Dumb Married Tricks
As attraction and chemistry wane, it's not uncommon for somebody to suggest having a baby. Men think, Well, that requires sex, so yeah. If you've never been married, you're thinking, Why would anyone bring a baby into a relationship that's already on life support? Good question. If you're married, or were married, you may be wondering why you didn't ask yourself that very question. But don't beat yourself up. You were looking for a way back. A way back to what you had. To what you felt. You were looking for common ground. Common interest. Couples try all kinds of things to rekindle what once was. As they should. The alternatives aren't good. Give up or soldier on in a lifeless, passionless relationship. My point is, finding the right person is no guarantee that things will turn out right. In fact, leaning into the right person myth almost guarantees they won't.
All the Wrong Options
Before we move on, I want to go back to the "maybe a baby will help" idea. Bringing a baby into a troubled relationship is a bad idea for many reasons. Not least of which is that one of the most morally vulnerable times in the life of a man is when his wife or girlfriend is pregnant. This is true in healthy relationships, but the temptation is compounded when things aren't going well. While 15 percent of married couples divorce within three years of the birth of their first child, the percentage of unmarried couples who separate after the birth of a child is closer to 40 percent. Children aren't a solution. They aren't meant to be. Children should be a welcomed addition to a healthy family unit.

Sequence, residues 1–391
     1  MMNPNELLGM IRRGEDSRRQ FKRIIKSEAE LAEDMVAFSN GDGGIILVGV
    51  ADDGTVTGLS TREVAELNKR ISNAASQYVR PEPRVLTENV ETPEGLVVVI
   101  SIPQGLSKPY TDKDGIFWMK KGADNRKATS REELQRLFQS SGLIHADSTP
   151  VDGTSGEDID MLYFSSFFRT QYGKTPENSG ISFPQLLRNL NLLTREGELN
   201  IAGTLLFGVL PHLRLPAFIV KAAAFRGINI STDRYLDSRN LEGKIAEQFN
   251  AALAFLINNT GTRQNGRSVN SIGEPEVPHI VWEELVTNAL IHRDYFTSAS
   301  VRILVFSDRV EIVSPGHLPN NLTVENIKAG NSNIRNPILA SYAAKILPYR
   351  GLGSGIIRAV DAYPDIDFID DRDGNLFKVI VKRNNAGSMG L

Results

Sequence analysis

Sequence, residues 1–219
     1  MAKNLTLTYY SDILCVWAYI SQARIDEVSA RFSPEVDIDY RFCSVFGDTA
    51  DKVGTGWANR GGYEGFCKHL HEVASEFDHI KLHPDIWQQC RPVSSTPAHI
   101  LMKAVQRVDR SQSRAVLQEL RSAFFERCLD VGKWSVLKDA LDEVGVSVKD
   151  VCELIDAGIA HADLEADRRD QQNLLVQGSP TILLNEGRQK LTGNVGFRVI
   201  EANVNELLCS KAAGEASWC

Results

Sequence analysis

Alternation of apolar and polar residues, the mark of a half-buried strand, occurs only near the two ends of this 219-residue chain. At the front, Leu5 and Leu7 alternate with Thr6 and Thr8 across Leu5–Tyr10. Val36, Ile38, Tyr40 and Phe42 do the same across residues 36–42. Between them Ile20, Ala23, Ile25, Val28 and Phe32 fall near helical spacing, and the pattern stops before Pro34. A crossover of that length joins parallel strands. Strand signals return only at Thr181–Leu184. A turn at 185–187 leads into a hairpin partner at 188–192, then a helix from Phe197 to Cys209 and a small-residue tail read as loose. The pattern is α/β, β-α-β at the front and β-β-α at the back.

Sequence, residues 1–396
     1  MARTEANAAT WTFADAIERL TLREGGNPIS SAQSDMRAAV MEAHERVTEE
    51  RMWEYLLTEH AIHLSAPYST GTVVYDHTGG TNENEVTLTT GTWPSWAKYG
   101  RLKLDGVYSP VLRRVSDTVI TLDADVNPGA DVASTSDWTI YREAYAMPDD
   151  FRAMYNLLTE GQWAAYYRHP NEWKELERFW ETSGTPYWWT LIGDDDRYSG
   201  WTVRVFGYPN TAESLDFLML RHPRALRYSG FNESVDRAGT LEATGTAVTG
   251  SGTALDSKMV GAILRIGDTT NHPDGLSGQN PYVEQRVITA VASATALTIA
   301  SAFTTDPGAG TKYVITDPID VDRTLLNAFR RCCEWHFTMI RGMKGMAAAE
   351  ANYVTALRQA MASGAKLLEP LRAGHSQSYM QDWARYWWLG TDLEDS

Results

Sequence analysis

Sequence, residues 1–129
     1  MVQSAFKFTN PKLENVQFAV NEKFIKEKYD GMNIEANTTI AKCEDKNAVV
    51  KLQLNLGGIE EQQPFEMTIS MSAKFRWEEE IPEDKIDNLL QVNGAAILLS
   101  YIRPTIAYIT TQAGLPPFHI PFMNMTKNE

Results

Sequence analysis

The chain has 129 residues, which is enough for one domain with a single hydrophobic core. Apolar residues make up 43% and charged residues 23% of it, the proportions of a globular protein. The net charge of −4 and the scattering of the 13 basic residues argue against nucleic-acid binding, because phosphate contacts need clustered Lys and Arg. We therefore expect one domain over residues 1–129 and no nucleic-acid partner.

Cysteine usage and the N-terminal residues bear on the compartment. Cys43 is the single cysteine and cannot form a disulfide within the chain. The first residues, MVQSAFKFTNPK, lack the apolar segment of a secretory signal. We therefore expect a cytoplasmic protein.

But men aren't the only ones who start looking elsewhere when things aren't going well. As the right person approach starts unraveling, everybody is open to a new right person. And social media has made it easier than ever to wade through the options.
Excerpted from The New Rules for Love, Sex, and Dating by Andy Stanley. Copyright © 2014 Andy Stanley. Excerpted by permission of ZONDERVAN.
All rights reserved. No part of this excerpt may be reproduced or reprinted without permission in writing from the publisher.
Excerpts are provided by Dial-A-Book Inc. solely for the personal use of visitors to this web site.
Table of Contents
Chapter 1 The Right Person Myth 21
Chapter 2 Commitment Is Overrated 35
Chapter 3 Becoming the Right Person 47
Chapter 4 So Becoming 57
Chapter 5 Love Is 73
Chapter 6 The Gentleman's Club 101
Chapter 7 The Way Forward 117
Chapter 8 The Talk 131
Chapter 9 Designer Sex 151
Chapter 10 If I Were You 169
Small Group Video Discussion Guide 187